Wildhorn's Pimpernel saga began in 1989, when he was asked to audition to become the show's composer. "I played 45 minutes of music I wrote in my head to a book that at the time didn't exist," the Harlem-born, self-educated musician recalls. "I did it on just what I was feeling. And I got the job."

When it came time to write the actual music, however, Wildhorn at first had difficulty. "I didn't even know what a scarlet pimpernel was," he says. "I had not seen the movie" the classic 1935 film starring Leslie Howard as Sir Percy, Merle Oberon as Marguerite and Raymond Massey as Chauvelin "and I had not read the book." And then one day he found his inspiration: Hillard Elkins, the producer who united Wildhorn with Leslie Bricusse for Jekyll, introduced him to Leonard Bernstein's score for Candide.

"It became an inspiration for the more operatic, theatrical moments of Pimpernel," says Wildhorn. "Writing big, emotionally sweeping ballads comes easy to me. But I needed to find a musical vocabulary for Pimpernel that would serve the piece and be satisfying to write. And when I heard Candide, something clicked."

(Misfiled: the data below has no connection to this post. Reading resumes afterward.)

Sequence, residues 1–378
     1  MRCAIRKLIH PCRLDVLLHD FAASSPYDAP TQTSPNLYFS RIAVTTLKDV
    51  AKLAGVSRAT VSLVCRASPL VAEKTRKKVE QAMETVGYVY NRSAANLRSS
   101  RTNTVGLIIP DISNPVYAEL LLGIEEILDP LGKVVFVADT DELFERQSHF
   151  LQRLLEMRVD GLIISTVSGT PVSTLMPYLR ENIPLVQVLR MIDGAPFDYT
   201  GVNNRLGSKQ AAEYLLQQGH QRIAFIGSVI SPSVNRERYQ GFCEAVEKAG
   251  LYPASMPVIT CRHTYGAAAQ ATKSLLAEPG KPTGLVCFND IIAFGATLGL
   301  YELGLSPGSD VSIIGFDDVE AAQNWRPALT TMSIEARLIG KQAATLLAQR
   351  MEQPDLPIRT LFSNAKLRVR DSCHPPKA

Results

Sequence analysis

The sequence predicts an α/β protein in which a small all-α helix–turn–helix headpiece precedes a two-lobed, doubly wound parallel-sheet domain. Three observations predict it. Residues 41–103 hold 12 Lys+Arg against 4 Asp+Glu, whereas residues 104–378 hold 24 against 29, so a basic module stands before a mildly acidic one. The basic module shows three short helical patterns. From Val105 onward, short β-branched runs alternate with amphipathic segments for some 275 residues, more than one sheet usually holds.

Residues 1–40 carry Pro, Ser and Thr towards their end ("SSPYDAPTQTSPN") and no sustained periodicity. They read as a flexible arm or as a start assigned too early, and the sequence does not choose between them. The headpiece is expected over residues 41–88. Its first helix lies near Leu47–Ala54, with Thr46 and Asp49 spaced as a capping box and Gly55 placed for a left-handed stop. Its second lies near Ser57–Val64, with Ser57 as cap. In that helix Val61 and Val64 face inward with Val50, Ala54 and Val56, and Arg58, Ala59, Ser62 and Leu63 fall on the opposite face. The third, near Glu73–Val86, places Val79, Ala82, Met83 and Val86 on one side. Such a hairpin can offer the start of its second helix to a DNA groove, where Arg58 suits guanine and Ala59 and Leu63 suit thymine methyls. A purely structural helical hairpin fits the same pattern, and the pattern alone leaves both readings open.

In 1992 Wildhorn and Knighton released a concept album for the show on EMI's Broadway Angel label. One track, "You Are My Home," sung by Peabo Bryson and Linda Eder, became a Top 40 hit. "I wouldn't dare do a show unless I put an album out first," Wildhorn says. "Doing a show is so hard that I find it impossible without the support of the recording industry." Producer Pierre Cossette heard the recording and decided to get involved in bringing Pimpernel to Broadway.

But a major problem remained the show's libretto. "Many different writers tried their hand at it," Wildhorn recalls. "All along Nan's lyrics had shown such an innate feeling for what the show should be, and one summer she went to Nantucket and said she was going to take a shot at writing the book, too. And she got the job."